According to the World Economic Forum's Global Gender Gap Report, gender equality will not be achieved for another 170 years. Alan Jope, CEO of Unilever since 2019, is working to bring that date forward.

Alan Jope

Why, you might ask, is a man telling us about what we should do about gender inequality? Well, as CEO of Unilever, Alan Jope (BCom 1985) heads up one of the world's largest and most geographically diverse consumer goods businesses. Each day, across 190 countries, two and a half billion consumers use Unilever products. Alan is someone who can influence change.

And one of the differences he wants to see—along with a range of environmental and wider diversity issues—is gender equality.

Appointed as CEO of Unilever in January 2019, Alan has been with the company since 1985. He joined the company's graduate trainee programme straight out of his time at the University of Edinburgh and has worked his way up through the company over the last 35 years with roles across the globe.

For Alan, the business benefits of gender equality are obvious:

"To be honest, we don't spend an awful lot of time worrying about the business case because it's self-evident. At its simplest, it means we're able to tap into the rich talents of all prospective members of the Unilever team.

"Also, our data shows that between 70 and 80% of everyday purchases are made by women. There are multiple macroeconomic studies that show there's up to $27 billion of growth available in the economy if we create opportunities for women."

The extraordinary scale of companies like Unilever means that through a concerted effort by those at the top—such as Alan—societal change can come about.

"It's the job of business", he says with conviction, "to shape society's norms.

"I'll give you an example. We look at ourselves in the mirror and say: 'Are we doing a good enough job in getting women adequately represented at Unilever?' Well, we've now reached a point where our non-executive board is 50/50 men and women, and the same can be said for our managers.

"But then we look at our extended value chain—are we creating opportunities for women in our supplier community and in our routes to market? Unilever is actively engaged in this area by, for example, creating a community of female micro-entrepreneurs in rural villages in India, empowered and equipped to become distributors of Unilever products to gain financial independence."

By changing norms and refusing to propagate stereotypes, business can shape society.

And then there's the vast power of the company's advertising budget. The work by Unilever brands such as Dove to change what Alan calls "inappropriate stereotypes of beauty" has been trailblazing, but they're going further.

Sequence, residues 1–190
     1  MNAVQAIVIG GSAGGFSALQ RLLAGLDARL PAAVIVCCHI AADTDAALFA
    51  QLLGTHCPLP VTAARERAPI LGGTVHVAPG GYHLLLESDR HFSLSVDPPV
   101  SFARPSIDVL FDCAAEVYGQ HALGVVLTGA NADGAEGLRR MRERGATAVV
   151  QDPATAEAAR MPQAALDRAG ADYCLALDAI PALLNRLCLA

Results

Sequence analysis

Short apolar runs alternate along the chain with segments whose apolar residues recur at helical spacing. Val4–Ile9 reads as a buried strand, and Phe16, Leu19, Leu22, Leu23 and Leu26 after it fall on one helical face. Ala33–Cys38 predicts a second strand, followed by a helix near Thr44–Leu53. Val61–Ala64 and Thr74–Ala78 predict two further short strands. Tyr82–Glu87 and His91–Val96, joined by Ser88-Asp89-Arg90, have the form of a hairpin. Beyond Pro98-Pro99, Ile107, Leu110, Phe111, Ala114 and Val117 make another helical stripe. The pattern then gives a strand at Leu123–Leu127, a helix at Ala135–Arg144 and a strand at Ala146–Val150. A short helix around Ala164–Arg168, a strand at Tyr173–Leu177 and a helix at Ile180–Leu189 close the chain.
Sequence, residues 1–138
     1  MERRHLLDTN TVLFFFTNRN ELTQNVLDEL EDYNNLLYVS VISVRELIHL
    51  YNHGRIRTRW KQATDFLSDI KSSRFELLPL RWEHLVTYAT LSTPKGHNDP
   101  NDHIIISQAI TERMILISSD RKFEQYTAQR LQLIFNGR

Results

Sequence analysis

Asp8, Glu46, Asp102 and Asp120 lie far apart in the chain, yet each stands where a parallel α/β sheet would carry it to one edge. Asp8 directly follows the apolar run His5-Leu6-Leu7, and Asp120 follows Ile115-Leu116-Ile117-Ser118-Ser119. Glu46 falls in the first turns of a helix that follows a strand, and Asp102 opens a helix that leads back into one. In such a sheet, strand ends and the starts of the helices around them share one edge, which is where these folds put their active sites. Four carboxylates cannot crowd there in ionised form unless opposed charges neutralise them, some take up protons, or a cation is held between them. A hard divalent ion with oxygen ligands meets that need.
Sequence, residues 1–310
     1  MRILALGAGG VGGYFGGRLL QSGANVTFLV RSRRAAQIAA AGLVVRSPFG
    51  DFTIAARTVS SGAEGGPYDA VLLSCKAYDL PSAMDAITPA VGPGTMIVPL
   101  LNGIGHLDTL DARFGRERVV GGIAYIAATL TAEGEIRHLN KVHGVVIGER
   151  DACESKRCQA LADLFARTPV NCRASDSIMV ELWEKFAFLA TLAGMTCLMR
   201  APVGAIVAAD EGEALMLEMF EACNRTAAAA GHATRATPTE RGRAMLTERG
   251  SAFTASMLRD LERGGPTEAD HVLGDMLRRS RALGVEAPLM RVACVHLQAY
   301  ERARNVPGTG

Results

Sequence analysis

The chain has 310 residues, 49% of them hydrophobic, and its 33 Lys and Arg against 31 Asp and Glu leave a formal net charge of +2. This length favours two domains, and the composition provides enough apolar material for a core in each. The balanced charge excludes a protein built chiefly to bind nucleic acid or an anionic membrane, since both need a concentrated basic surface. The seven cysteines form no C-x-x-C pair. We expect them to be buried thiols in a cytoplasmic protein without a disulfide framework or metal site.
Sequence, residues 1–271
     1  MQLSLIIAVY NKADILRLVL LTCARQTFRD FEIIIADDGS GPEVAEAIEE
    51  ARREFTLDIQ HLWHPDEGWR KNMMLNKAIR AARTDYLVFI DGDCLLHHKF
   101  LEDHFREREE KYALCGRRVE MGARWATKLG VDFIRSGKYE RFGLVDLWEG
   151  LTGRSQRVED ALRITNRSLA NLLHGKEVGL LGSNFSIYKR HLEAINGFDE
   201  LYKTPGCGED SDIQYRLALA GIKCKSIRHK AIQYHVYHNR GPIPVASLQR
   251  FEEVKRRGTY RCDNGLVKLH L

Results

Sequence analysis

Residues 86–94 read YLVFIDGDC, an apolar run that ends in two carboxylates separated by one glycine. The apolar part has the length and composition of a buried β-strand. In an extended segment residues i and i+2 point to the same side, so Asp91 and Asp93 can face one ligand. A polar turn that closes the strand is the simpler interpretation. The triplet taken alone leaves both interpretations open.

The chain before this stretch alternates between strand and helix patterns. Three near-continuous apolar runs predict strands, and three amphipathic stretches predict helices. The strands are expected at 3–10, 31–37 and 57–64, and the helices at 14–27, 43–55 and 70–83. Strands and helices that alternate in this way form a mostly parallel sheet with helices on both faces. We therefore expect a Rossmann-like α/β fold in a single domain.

"We've actually created a coalition of most of the big advertisers in the world, working with UN Women, called Unstereotype," he explains. "So, in advertising, when someone is being cast washing the dishes, why should that not be a man?

"The representation of women in leadership roles in advertising was pitiful—we're addressing that. And, the representation of people delivering humour in advertising was 0.3% women—we're addressing that too. So, by changing norms and refusing to propagate stereotypes, business can shape society. And I don't think we should sit back and wait for government action. The private sector is usually in the leading position on these types of matters."

So what can companies do to make sure they're doing all they can to create a gender balance? Alan has a three-point plan:

Firstly, you've got to tell people that you're tackling it—explicitly acknowledge disparity both inside and outside of the company.

Secondly, you have to draw your line in the sand and understand what your current gender ratio is.

Thirdly—and Alan recognises how some may find this controversial—is to set clear goals.

He explains: "If a part of the business last year was 40% women, their goal for this year might be to exit at 41.5% women. And you achieve that by forcing balanced slates. So, for every job, is there at least one man and one woman shortlisted for the job? You force it by insisting that we confront people on their promotion track record.

"There are many tools we can use but at the end of the day we always put the most capable person into the job."

If it's so obvious for leaders like Alan and companies such as Unilever, why does gender inequality still perpetuate? According to the World Economic Forum's Global Gender Gap Report, gender equality will not be achieved for another 170 years. That's an awful long time to fix something that is so palpably unjust.

"I suppose the barriers are going to be the flipside of the enablers", Alan predicts. "Does the company, for instance, understand the business case? Is it properly led from the top? Our default mode would probably be to allow our unconscious biases to impact our hiring and appointment decisions such that we hire and appoint in our likeness.

"So, a boys' club at the top will self-perpetuate unless an intervention is made. We've made multiple interventions to try to break that cycle and I believe the only barriers are mindsets and policies. There is no shortage of brilliant women ready and waiting to take up opportunities that companies make available to them."

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